This Is The Story Of A Librarian And His Family’s Beloved AMC Gremlin
Photography by Neal Tyler
Orphan cars, those automobiles whose parent companies are no longer in business, can evoke a connection to the past harkening back to better days and simpler times. To the auto enthusiast, the primary purpose of such a car—transportation—becomes secondary. Preservation becomes the goal. Pride and joy take precedence over practicality, and over the years certain models have been loved in ubiquity while others remain overlooked.
Take the AMC Gremlin for example. Marketed as “the first American-built import,” designed mid-flight on a barf bag, and built on a shortened AMC Hornet chassis, the American Motors Corporation manufactured Gremlins from 1970 through 1978. The subcompact hatchback made its debut on April Fools’ Day, and its impact on the automotive world has been considerable ever since. It seems everyone in America over the age of 35 has known or still knows someone who drove a Gremlin, yet there are so few on U.S. roads today. Just under 700,000 Gremlins were built, and according to the Seattle Times, even Bill Clinton and George W. Bush drove Gremlins at one point.
And speaking of President Bush and Gremlins, the subject of this interview, Tariq Shah, happens to be an Afghan national—a member of the 500-year-old Roghani tribe—who emigrated to the U.S. in the 1970s. Upon his arrival, he spent his first six months in Jackson Heights, NY before driving a Ford LTD to Kansas, where he earned one of his two Masters degrees. One is in Library Science (Emporia State University), the other is in World Geography (University of Peshawar). After graduating, he realized there were more grain elevators and corn fields in Kansas than there were jobs for librarians though, so on the advice of a friend who’d told him those types of jobs were in big cities, Tariq drove 1,900 miles from Kansas to Los Angeles and found not only work but love.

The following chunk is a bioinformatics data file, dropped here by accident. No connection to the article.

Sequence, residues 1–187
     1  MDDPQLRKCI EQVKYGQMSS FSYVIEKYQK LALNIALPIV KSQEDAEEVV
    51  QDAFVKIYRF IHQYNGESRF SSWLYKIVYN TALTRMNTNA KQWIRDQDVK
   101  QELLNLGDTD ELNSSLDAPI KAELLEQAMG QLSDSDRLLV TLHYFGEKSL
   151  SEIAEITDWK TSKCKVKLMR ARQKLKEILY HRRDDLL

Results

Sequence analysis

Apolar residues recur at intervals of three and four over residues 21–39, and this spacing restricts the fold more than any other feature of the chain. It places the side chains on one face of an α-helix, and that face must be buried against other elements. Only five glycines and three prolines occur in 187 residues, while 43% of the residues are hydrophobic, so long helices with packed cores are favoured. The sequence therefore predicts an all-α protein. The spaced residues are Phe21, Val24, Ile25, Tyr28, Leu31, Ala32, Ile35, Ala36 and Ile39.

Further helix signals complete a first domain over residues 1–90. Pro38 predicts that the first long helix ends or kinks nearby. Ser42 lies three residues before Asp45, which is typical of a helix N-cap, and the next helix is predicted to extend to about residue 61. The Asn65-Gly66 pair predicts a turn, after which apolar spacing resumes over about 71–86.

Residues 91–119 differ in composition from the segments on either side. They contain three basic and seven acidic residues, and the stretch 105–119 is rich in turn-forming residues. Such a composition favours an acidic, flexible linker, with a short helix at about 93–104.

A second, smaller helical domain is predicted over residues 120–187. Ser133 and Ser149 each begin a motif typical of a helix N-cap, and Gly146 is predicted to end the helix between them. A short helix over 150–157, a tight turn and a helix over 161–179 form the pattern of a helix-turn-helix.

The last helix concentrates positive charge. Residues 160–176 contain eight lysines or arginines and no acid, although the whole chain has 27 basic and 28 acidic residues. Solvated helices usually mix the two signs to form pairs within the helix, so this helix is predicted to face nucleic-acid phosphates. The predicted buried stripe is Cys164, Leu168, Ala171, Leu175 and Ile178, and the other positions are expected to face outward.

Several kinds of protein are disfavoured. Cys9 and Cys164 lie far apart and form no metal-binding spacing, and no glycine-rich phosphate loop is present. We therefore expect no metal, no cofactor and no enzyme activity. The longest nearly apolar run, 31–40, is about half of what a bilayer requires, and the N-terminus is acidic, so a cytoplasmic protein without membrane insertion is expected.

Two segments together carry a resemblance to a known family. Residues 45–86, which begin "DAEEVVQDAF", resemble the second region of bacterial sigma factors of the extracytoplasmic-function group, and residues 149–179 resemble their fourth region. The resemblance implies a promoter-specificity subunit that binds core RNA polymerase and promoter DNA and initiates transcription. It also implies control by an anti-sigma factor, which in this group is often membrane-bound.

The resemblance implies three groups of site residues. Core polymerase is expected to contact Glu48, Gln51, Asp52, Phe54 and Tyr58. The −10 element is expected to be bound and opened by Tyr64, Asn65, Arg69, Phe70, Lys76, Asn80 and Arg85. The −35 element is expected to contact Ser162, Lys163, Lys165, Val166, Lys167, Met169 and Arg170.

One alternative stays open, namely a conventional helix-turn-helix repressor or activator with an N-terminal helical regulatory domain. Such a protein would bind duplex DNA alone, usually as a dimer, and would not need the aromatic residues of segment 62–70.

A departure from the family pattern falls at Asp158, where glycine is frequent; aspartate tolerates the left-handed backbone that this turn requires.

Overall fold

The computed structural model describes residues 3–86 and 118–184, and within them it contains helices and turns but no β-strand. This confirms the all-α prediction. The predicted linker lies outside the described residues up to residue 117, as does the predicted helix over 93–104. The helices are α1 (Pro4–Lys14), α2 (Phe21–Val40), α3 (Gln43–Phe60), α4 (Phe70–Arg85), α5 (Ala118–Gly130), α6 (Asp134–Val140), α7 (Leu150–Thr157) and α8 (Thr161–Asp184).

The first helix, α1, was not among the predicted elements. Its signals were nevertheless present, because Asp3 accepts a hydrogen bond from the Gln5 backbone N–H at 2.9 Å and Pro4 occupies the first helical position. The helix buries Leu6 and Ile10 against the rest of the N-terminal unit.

It was in LA where he met and fell in love with his wife of 40 years, Alita, and it was Alita’s mother who in 1976 had purchased a brand new Sunshine Yellow AMC Gremlin. And it was in the Los Feliz neighborhood of that city, some 40 years later, where my meeting with Mr. Shah took place. As my wife and I were walking by a newsstand near Vermont Ave., a few heads turned to watch a little yellow Gremlin pass by. My face, as well as those of the bystanders, lit up in a smile as the car rolled to a stop. “Holy shit, that’s a fucking Gremlin!” exclaimed one guy next to me. Even my wife, who’s not a “car person,” had to admit how cute it was.
Windows down and hearing the excitement around him, the Gremlin’s driver, Mr. Shah, was beaming with pride behind the wheel and before he had a chance to drive away, I cornered him. We exchanged pleasantries and phone numbers, chatted about the car a bit and I bid him farewell. A few weeks later, we set up a photoshoot and an interview; it was my first time getting to know anyone from Afghanistan, let alone anyone who drives a Gremlin regularly. To say it was a pleasure talking cars and world history, as well as meeting his wife, would be an understatement. We had a deep conversation and even struck up a friendship, all because of his orphan car, the little yellow Gremlin.
Marc Levitz: Before we talk about your Gremlin, tell me a bit about your family and what growing up as a kid in Afghanistan was like.
Tariq Shah: Our house was built in 1940 and it’s still standing. We farmed plums, peaches, persimmons, marijuana, and believe it or not, vodka flows like water even though you’re not supposed to drink. We traveled by camel or car, and some camels bite, by the way! We used to have 1,000 acres on our farm and before 9/11, the American hippie types used to hang out in Afghanistan and had a great time. Anyway, as a kid, we were a very advanced family, very educated. My grandfather was a doctor in the 1920s, my dad graduated from engineering college in 1936, and my grandfather sent my uncle to America where he graduated from Berkley and then went on to Oregon in 1946. So we were way ahead at that time. We had Readers’ Digest, National Geographic, Life Magazine in our house.
ML: Outside of the biting camels, that sounds like an ideal childhood. What else can you tell me about being raised in your country?